After many years I have gone back to Final Fantasy XIII. Now, unlike some, I enjoyed FFXIII in my first playthrough despite its poor cast and lack of truly defining story moments… so I was excited to get back into it and play it some more, this time with the added element of having an audience watching.
I wasn’t sure how much I would enjoy the game on a second playthrough, since I am aware of the mechanics and most of the story, but I needn’t have worried. I actually enjoyed the story a great deal more than I did the first time since I wasn’t just watching the surface… I knew all of that so I was able to focus on the hidden depths. As I’ve always said, the premise of Final Fantasy XIII is marred by its characters, not by any flaw in itself. It was really fascinating to see some of the more well hidden facets of it, and a second playthrough really let me ignore some of the game’s weaknesses and focus more on the good parts about the world and the story…
Probably the best part, though, was having viewers there to hate Hope alongside me on this second playthrough. It made dealing with him so much more tolerable. The characters are still every bit as awful as they always were, but when you’re playing thiswith others around, awful characters aren’t a problem – they’re just one more source of comedy. The many bad ‘hope is lost’ puns made his presence almost worth it. Oh, and the chocobo is still adorable. Just in case you’d forgotten.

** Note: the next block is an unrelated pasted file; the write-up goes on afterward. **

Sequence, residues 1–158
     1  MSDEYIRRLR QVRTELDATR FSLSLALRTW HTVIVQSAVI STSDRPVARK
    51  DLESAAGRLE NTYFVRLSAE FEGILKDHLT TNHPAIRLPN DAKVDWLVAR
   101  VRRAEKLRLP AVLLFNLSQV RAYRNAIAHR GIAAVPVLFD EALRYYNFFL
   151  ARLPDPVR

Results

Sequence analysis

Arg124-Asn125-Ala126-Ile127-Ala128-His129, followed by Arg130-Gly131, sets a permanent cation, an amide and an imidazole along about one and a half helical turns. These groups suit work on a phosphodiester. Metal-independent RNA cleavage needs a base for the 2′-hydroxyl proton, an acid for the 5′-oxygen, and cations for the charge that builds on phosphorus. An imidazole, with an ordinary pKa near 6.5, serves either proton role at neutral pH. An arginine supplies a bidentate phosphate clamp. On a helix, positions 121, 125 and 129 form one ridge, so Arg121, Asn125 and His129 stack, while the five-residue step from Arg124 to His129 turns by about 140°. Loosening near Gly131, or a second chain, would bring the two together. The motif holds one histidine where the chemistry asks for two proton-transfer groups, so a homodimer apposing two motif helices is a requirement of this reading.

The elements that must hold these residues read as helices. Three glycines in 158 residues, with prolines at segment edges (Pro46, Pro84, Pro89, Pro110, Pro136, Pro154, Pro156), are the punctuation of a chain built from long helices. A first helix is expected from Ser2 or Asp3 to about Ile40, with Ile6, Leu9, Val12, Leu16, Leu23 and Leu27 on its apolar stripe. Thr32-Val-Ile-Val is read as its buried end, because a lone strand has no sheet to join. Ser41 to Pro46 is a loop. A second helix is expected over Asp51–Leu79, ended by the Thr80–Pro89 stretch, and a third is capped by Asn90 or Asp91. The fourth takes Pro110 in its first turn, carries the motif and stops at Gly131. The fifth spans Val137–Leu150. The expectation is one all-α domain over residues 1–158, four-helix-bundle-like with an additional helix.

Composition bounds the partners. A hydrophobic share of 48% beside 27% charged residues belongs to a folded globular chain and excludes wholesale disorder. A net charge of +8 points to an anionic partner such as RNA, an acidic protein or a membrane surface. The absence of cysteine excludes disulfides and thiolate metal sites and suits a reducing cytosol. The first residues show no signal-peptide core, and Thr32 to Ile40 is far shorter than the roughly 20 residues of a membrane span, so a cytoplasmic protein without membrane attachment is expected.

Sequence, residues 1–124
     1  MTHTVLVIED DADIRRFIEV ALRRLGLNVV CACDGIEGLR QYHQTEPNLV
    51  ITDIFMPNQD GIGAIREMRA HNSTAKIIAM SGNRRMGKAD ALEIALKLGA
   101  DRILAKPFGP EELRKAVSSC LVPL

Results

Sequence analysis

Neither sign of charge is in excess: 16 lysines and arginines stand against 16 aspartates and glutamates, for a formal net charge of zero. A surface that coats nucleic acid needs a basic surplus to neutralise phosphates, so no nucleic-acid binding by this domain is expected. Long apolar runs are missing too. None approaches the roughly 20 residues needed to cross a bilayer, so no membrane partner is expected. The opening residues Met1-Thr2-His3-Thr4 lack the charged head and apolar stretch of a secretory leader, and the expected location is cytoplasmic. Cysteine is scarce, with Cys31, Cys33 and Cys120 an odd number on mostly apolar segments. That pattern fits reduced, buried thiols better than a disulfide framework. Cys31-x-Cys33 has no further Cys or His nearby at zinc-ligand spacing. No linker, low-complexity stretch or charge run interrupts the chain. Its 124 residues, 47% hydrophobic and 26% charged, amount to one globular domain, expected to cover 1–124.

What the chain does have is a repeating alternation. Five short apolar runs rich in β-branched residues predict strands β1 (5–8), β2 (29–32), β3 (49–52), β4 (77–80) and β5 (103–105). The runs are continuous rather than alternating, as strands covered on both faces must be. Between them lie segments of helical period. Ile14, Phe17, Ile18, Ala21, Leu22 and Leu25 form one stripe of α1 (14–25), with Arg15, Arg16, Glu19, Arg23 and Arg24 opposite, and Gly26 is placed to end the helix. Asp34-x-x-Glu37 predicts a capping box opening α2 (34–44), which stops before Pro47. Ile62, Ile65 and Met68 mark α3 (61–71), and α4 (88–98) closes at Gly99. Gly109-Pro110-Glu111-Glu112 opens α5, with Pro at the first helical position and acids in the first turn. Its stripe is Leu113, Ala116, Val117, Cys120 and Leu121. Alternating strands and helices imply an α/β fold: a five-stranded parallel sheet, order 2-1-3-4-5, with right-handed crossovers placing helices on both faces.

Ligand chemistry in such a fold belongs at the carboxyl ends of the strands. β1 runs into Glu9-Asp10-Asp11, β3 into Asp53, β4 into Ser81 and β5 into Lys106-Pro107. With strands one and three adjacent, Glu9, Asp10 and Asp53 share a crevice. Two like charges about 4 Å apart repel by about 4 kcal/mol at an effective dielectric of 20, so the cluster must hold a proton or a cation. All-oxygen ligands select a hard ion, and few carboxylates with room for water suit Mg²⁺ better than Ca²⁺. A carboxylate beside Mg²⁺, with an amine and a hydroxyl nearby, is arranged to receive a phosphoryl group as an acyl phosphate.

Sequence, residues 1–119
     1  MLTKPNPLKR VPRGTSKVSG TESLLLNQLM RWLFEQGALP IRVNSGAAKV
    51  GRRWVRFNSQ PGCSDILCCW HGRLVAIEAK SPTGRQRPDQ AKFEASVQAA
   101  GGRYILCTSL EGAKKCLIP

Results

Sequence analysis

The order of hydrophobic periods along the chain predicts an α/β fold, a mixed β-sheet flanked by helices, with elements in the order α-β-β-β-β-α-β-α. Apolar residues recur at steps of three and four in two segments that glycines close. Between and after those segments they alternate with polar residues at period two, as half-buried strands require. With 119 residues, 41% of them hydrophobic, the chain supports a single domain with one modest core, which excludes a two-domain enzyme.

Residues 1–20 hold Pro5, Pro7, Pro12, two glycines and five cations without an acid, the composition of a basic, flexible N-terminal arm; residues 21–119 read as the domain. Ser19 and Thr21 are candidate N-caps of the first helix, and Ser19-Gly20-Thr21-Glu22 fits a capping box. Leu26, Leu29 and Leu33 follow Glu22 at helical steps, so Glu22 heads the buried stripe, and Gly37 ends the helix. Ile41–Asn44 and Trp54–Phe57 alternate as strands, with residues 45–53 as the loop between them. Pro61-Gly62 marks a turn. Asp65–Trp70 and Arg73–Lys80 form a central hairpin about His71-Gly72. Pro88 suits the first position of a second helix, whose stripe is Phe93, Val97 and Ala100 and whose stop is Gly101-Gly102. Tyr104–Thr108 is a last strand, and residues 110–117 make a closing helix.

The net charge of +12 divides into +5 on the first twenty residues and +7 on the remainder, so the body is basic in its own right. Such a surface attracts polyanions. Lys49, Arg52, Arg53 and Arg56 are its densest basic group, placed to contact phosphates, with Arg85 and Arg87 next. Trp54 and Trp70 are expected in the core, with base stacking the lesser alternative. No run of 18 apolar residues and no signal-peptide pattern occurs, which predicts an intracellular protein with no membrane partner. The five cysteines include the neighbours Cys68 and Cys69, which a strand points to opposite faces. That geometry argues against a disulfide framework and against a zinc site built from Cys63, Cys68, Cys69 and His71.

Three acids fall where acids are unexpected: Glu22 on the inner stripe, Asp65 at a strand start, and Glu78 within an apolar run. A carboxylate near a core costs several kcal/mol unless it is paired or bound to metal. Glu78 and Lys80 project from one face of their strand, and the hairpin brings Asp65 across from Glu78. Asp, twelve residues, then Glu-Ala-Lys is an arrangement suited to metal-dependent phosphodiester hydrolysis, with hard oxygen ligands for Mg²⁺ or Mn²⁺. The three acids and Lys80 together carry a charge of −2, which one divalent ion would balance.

Of course, the real heart of Final Fantasy XIII, and what had me so excited to play this game again, is the combat. Final Fantasy XIII’s combat system still stands as one of the best RPG combat systems I’ve ever seen. It really embodies the concept of ‘you get out what you put in’. If you want, you can just use the same three basic paradigms and do relatively well – probably even beat the game. But you won’t enjoy yourself very much… the fun lies with finding your own way to do it – for me, I love inflicting status ailments on my foes. Saboteur is my favourite role, so I built my entire strategy around them and had a blast with it. And finding a way to complete the bosses that were resilient to those effects was frustrating, but it was so incredibly satisfying to win without changing my style. And that’s the strength of the FFXIII series’ combat system, it’s all about your own style. And that’s what makes it so special… very few games will simply allow you to have your own style and give you the freedom to play with it.
A second playthrough also meant I knew all of the hidden mechanics from the start, rather than discovering them far later on. The game has a lot of mechanics that it does a terrible job (despite the 20+ hour tutorial) of explaining that can have a huge impact… but if you already know them, that’s not an issue. The item upgrade, skill combination, and even the idea of role levels and what they mean… these concepts are explained to a very small degree in the in-game encyclopedia but even there only vaguely. Outside, they’re barely even hinted at, so why would you even know to look?
Final Fantasy XIII had a stellar soundtrack as well, featuring several interesting lyrical tracks and some of the most beautiful ambience around. It fits so well with the visuals, which are some of the best the PS3 ever had, that they just create a great spectator experience. Amazing treats for both your eyes and your ears (and I don’t mean Serah) abound here. It really is one of the most well presented games of the PS3 era, and that says a lot.
Honestly, I think a second taste of Final Fantasy XIII has merit. If you played it once and enjoyed it, your second time through will likely be better since you’ll be prepared for some of the awkward scenes and be less surprised by them.